Soon after the Confederate collapse in the Spring of 1865, post-war governments in the South, elected exclusively by whites, began enacting Black Codes to legislate the control of Black labor by white “masters.” In states throughout the South, former Confederates controlled governments that actively discriminated against Blacks, including those who had fought for the victorious Union army. Under slavery, Blacks would have been forced to accept this state of affairs, but in 1865 the Black Convention Movement got underway in the former Confederacy. While Blacks could not vote, they could meet in statewide conventions and voice their opposition to their oppression. While these conventions could not stop the passage of the Black Codes, the attention they drew to these laws in the North led to the passage of the Civil Rights Act and the 14th Amendment.
In the years after the war, many former Confederates joined groups like the Ku Klux Klan, the Knights of the White Camellia, and the White League to keep control of local and state politics in the hands of old elites by blocking African Americans from voting. The Klan did not simply run roughshod over the countryside in 1868, however. Army detachments, including black U.S. soldiers, were sent to combat the Klan. Black military service had been a key to defeating the Confederates, and post-war it was a defense against a new kind of insurgency.
Prior to the Civil War, black workers were excluded from nearly every “white” labor union in the United States. During Reconstruction, many African Americans began organizing agricultural workers and Black service workers and pressing for inclusion in the broader labor movement. The leaders of the newly formed National Labor Union (NLU), a confederation of many local labor unions, opened its doors to women and African Americans. At its Sept. 4, 1869 convention black delegates were seated at a national labor union convention for the first time. William Sylvis, who headed the NLU, had been an effective organizer of iron molders, many of whom were Irish immigrants. He also worked to bring immigrant women into the NLU. Sylvis saw newly freed slaves as good candidates for unionization during this period of ascendant Black power.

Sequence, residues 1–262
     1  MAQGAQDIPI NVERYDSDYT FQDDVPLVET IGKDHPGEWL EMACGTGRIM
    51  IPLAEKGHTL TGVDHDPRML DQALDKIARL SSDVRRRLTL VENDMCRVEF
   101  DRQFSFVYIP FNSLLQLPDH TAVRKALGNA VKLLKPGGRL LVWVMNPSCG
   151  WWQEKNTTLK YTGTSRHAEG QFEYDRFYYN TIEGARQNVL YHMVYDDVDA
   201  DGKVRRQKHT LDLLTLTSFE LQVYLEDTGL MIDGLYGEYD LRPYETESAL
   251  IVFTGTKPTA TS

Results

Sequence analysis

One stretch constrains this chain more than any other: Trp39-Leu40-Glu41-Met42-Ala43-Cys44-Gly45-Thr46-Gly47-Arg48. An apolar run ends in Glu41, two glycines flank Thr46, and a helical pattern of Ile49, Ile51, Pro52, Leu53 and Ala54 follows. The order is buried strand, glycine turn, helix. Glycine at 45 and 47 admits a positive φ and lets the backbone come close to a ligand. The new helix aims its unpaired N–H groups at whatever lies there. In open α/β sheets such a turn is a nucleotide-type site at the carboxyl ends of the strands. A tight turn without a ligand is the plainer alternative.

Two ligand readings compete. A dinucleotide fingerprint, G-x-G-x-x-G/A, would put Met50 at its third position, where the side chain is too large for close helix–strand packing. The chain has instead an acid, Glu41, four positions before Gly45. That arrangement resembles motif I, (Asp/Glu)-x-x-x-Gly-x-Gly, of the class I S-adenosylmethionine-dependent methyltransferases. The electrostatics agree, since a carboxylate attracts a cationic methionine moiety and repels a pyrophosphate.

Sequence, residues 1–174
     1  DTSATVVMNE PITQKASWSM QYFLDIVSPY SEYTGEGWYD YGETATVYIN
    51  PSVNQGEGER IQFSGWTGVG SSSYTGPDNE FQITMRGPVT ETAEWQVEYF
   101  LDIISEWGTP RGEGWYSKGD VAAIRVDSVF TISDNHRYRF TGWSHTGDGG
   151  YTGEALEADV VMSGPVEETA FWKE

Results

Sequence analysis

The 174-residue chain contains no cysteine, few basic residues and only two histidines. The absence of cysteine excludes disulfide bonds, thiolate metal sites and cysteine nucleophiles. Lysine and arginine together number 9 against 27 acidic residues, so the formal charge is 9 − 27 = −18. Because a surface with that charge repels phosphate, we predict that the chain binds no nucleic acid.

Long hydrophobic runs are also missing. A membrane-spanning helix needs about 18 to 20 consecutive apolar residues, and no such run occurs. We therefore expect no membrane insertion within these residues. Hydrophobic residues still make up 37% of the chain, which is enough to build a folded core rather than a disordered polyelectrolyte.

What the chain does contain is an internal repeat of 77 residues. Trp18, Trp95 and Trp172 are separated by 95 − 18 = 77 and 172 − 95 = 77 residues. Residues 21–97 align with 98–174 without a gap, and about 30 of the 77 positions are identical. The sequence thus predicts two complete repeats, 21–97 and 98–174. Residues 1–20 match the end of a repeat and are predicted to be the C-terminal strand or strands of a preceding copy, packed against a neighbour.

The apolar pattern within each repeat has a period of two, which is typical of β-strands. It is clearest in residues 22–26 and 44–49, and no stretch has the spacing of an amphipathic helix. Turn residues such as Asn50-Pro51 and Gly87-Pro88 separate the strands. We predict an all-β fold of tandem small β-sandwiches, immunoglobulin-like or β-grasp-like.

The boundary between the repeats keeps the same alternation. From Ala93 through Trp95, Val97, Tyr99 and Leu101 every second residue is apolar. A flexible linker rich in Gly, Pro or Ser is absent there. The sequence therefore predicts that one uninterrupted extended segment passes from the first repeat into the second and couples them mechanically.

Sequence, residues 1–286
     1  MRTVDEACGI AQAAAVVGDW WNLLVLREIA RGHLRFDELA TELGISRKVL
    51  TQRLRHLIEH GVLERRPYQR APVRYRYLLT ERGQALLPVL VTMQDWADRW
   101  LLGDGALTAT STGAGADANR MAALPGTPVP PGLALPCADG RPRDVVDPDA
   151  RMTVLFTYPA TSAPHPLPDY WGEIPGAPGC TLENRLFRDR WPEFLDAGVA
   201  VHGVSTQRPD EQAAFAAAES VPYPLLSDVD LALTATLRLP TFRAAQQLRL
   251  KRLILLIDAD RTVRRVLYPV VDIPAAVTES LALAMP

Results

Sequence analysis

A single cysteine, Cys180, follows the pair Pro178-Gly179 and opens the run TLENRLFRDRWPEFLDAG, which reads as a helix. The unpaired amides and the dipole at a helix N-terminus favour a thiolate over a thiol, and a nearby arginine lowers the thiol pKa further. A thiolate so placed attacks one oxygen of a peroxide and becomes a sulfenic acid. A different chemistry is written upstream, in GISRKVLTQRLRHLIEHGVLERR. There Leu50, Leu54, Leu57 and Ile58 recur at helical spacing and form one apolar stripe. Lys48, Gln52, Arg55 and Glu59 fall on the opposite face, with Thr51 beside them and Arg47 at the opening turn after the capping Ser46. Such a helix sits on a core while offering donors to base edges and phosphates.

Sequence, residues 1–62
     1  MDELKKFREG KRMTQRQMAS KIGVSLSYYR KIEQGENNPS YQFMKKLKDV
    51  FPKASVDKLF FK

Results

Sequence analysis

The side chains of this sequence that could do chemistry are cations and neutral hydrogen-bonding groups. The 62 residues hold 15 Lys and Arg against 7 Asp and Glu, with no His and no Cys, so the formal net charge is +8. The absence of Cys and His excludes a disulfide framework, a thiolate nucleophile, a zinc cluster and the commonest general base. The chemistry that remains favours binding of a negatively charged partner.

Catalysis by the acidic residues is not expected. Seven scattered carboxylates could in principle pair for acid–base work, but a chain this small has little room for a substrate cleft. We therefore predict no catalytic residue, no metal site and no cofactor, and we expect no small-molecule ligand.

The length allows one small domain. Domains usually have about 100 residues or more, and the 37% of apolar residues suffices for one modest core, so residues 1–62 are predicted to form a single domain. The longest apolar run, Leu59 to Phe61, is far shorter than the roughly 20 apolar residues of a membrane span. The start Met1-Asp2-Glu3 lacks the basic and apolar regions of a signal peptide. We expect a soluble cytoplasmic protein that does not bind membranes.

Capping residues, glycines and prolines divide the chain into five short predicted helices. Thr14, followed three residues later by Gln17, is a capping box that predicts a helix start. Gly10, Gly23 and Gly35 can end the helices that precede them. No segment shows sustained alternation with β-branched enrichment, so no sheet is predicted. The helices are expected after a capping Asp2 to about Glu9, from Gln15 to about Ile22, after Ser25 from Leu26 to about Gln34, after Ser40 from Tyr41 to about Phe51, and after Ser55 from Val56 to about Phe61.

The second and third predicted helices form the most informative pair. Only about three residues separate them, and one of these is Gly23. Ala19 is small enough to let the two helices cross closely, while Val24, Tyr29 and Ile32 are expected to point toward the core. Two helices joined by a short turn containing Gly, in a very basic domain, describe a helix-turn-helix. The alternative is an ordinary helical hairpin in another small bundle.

While the first half-decade of Reconstruction saw courageous Black resistance to white domination, it also revealed the willingness of the opponents of Black freedom to organize and use campaigns of violence to impede the march towards equality. The Klan and its allies took their toll in blood, but they did not operate with impunity during this period. Blacks helped bring some to justice. In other instances they formed their own groups to counter the Klan’s terror. In Chapel Hill, Tn., for example, when Klansmen tried to whip a Black man in June of 1868, they were fired on and driven off. Returning later, they encountered more than a dozen armed Black men and several of the whites were killed or wounded.
Over time the terrorism would take its toll. As Northern whites lost interest in protecting African Americans, former Confederates increasingly took back power and created systems that effectively denied Blacks basic civil rights for the next nine decades. But, for a brief moment, people who had been enslaved were able to hope that during their lifetimes civil equality might be achieved.